6 takeaways from Super Tuesday
By Eric Bradner, CNN | 3/2/2016, 9:18 a.m.
(CNN) -- Donald Trump and Hillary Clinton didn't win their parties' nominations on Super Tuesday -- but they both became much harder to beat.
Trump racked up wins in seven states to Texas Sen. Ted Cruz's three and Florida Sen. Marco Rubio's one. And Clinton defeated Vermont Sen. Bernie Sanders in seven of the 11 Democratic contests.
Here are six takeaways from the biggest day in the 2016 presidential race so far:
The Trump coalition comes together
He proved it in the early states and now he has proven it on Super Tuesday: Donald Trump is leading a coalition.
New Hampshire and Massachusetts showed he wins white, working-class moderates -- the Reagan Democrats. South Carolina, Tennessee, Alabama and Georgia showed he wins evangelicals in the Bible Belt. And record-shattering Republican turnout in Virginia showed he expands the party's base of voters.
"I'm a unifier --- I know people are going to find that a little bit hard to believe, but believe me," Trump said.
Trump is running away with the GOP nomination, as his rivals continue their never-ending fight about who's the best alternative.
He survived the latest controversy, this one over whether he'd given a subtle wink to white supremacists by deflecting questions about whether he'd disavow former Ku Klux Klan grand wizard David Duke in an interview with CNN's Jake Tapper.
And he bested two opponents who'd devoted an entire two-hour debate Thursday night to dumping their opposition research books on his head.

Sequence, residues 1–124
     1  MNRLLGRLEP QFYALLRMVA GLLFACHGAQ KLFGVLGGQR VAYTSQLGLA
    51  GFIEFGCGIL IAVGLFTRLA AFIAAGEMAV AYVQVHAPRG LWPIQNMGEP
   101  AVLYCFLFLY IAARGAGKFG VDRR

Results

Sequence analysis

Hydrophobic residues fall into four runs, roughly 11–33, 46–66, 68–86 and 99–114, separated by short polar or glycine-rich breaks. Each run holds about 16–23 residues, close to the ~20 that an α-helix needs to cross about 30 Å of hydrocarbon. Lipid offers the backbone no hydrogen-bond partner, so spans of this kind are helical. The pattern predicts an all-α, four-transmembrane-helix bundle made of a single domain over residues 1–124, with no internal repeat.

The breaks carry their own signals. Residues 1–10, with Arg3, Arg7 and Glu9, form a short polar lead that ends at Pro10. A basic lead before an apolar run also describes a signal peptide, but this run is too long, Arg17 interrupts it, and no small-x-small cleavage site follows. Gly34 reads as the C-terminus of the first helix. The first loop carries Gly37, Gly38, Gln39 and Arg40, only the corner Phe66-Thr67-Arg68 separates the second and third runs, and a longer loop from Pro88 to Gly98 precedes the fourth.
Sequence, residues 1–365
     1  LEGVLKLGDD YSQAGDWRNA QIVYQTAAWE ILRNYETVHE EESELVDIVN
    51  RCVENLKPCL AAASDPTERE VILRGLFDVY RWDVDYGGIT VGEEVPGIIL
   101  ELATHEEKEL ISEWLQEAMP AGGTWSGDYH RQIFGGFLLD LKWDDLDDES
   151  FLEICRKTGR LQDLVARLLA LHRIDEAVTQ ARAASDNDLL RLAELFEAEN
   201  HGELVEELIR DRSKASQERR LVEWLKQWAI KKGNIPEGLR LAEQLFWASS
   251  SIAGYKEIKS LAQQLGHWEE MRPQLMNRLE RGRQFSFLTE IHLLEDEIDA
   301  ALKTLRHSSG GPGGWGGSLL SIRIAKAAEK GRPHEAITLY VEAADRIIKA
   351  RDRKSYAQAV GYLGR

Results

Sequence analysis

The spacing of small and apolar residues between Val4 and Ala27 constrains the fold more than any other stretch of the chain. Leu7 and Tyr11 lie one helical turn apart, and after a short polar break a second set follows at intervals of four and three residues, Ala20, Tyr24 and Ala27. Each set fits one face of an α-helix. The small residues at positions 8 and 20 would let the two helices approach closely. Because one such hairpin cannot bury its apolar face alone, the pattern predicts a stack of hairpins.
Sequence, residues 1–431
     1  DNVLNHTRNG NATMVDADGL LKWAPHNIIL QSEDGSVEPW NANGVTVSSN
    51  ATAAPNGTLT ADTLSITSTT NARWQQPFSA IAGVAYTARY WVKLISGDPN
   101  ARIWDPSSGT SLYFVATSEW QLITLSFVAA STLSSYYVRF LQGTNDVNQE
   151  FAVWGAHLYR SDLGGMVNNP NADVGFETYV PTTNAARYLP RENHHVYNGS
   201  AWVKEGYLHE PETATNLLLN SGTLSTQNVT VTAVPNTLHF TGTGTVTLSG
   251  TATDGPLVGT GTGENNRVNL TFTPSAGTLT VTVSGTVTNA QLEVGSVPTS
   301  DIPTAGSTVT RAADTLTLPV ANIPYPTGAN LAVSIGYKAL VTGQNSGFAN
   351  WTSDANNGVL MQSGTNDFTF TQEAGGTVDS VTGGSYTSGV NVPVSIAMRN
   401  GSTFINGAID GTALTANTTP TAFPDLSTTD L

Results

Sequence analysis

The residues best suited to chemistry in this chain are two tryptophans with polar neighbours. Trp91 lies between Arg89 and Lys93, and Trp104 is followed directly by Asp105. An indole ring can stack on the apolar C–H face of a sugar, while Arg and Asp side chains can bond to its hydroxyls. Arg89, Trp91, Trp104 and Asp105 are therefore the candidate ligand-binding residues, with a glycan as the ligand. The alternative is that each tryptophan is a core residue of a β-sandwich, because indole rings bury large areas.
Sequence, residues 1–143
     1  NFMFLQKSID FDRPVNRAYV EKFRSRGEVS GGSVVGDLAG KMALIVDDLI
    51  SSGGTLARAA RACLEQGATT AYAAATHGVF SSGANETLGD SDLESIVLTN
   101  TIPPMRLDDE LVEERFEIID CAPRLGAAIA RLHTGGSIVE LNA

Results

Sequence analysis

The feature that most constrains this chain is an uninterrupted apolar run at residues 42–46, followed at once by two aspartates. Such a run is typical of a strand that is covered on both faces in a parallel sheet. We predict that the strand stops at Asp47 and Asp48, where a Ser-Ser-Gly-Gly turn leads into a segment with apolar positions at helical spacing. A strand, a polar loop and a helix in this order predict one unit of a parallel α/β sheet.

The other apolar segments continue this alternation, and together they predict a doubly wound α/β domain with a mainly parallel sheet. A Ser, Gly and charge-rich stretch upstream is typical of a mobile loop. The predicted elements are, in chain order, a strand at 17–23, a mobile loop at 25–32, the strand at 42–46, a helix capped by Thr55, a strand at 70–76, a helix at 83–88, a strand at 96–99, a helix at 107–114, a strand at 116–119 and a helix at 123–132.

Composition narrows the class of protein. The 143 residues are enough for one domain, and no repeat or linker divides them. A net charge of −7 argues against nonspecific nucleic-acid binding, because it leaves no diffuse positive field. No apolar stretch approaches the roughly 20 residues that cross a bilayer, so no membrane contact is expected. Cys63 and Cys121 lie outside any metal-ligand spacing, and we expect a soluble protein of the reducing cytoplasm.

After an introduction by former rival and new campaign surrogate New Jersey Gov. Chris Christie, Trump congratulated Cruz on an "excellent win" in Texas before turning his attention to Hillary Clinton.
"Make America great again is going to be much better than making America whole again," he said, referencing her new attack line.
Clinton rolls up wins in the South
It's the polar opposite of where Clinton found herself eight years ago. This time, she's ahead in the delegate race and has won a majority of the Democratic contests.
Clinton won a swath of delegate-rich Southern states with large minority populations, easily besting Sanders in Texas, Georgia, Virginia, Alabama, Tennessee and Arkansas. And she won the night's biggest toss-up, narrowly defeating Sanders in Massachusetts. The Massachusetts win, in particular, showed that it's not just a minority firewall for Clinton -- she can win states that are predominantly white.
The Democratic nominating contest allocates delegates proportionally, so Clinton hasn't knocked Sanders out of the race.
But she has a date in mind to do just that: March 15.
With all of the momentum, Clinton is aiming for wins in a series of big states -- Michigan on March 8 and then Florida, Ohio, Illinois, North Carolina and Missouri on March 15.
At that point, the scenarios for a Sanders comeback become "less and less likely," Clinton spokesman Brian Fallon said -- even though the campaign expects to lose in Kansas, Nebraska and Maine between now and then.